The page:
Rosa Muñoz
Rosa Muñoz

Hello,

My name is Rosa Muñoz and I am a sophomore majoring in Psychology at the University of Texas at Austin. I am fortunate enough to be able to have an internship at one of the most well-known libraries on campus, the Perry-Castañeda Library.

I am the first person in my family to attend a university, so moving to Austin from Dallas was a big step for me. The idea of attending college was never supposed to be a part of my plan. I was brought up in a traditional Hispanic household where women were not expected to leave home, especially without being married first. I decided to come to UT because I had encouraging high school teachers who persistently pushed me to apply for colleges. During my junior year of high school, my English teacher encouraged our class to start researching colleges. The idea of something new sounded like a good opportunity, so I started my research. I decided that UT was where I wanted to spend the next four years of my life without ever stepping foot on campus.

During my time at UT I have created some great friendships and have learned so much more in my first year and a half than I had ever expected. My plans are to graduate from UT and attend graduate school to pursue my goal of starting my own practice as a psychologist.

Ever since I started working at UT Libraries I have come to find the library to be one of the best places to study at on campus. I try to take full advantage of the resources available. The library staff is always very kind and understanding and they help me with any questions or concerns that I have. My friends and I like the ability to study individually or as a group or even practice our presentations in the library. The efficient technology that has been added in the Libraries gives students more capability in utilizing those resources to their best advantage. In addition, to top it off the library is now opened 24 hours during the most critical study times leading up to finals.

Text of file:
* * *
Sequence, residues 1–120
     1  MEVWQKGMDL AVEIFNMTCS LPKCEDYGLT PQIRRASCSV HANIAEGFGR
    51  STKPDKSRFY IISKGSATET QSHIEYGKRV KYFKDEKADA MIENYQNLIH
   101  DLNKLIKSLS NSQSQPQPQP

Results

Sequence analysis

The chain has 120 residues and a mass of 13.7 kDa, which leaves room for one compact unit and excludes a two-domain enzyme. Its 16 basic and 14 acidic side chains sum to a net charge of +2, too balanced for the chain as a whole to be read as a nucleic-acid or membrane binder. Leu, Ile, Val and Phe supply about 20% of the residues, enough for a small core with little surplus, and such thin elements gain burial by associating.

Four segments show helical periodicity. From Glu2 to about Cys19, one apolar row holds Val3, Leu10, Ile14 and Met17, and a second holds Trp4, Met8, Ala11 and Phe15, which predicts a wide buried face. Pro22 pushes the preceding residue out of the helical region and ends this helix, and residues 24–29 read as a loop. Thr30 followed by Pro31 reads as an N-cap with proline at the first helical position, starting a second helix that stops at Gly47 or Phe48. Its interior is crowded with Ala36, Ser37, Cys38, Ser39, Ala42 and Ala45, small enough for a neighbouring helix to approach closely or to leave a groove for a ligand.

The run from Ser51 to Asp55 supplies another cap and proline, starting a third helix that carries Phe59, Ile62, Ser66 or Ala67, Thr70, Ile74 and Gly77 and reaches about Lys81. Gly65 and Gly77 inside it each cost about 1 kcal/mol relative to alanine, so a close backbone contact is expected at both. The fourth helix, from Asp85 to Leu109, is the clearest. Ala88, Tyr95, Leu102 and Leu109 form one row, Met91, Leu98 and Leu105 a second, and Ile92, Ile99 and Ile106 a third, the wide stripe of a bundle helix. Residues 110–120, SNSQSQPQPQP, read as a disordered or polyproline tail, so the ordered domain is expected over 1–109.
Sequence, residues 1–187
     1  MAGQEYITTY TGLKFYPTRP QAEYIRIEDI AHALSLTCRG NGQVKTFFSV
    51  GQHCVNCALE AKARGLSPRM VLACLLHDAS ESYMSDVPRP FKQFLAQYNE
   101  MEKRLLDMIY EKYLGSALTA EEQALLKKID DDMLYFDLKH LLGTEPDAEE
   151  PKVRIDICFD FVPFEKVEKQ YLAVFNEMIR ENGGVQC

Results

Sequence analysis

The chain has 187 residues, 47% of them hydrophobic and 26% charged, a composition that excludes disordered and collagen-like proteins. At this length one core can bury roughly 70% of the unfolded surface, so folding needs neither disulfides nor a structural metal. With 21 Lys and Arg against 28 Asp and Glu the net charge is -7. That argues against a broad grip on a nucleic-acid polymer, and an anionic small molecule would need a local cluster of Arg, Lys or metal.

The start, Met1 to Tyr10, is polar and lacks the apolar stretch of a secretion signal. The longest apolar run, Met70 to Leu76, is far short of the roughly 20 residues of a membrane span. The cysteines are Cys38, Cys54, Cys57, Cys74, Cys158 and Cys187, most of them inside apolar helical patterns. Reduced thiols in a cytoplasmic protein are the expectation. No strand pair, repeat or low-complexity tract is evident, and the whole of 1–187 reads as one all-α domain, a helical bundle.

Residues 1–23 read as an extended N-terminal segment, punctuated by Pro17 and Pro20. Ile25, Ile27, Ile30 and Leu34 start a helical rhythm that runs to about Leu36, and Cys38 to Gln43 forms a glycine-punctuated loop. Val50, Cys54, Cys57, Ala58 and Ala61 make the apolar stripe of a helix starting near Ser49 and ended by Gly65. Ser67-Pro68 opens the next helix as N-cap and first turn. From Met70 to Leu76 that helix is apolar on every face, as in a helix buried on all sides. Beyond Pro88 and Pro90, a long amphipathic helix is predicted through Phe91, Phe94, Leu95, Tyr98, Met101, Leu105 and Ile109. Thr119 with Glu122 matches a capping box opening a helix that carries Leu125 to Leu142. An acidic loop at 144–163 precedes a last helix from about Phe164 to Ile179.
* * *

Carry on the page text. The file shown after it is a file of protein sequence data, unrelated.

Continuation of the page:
The Libraries have so much to offer, not only for me but for students in all majors. Please consider making an end of year contribution to the UT Libraries. My fellow Longhorns and I are fortunate to have access to all the resources we need for academic success, but I know my tuition only goes so far.

The library is a very popular place! I enjoy telling my friends and classmates that I am interning in one of the most visited buildings on campus. I have definitely enjoyed the time I have spent working in the libraries, and I am certain that this experience will have an impression on me for years to come. All the connections I have established will last well beyond my college days.

Be generous and give today. Thank you for making a gift that will support all students.

Happy Holidays,

rosasm

Class of 2017

Please consider making an end-of-year gift to the University of Texas Libraries in support of students like Rosa Muñoz.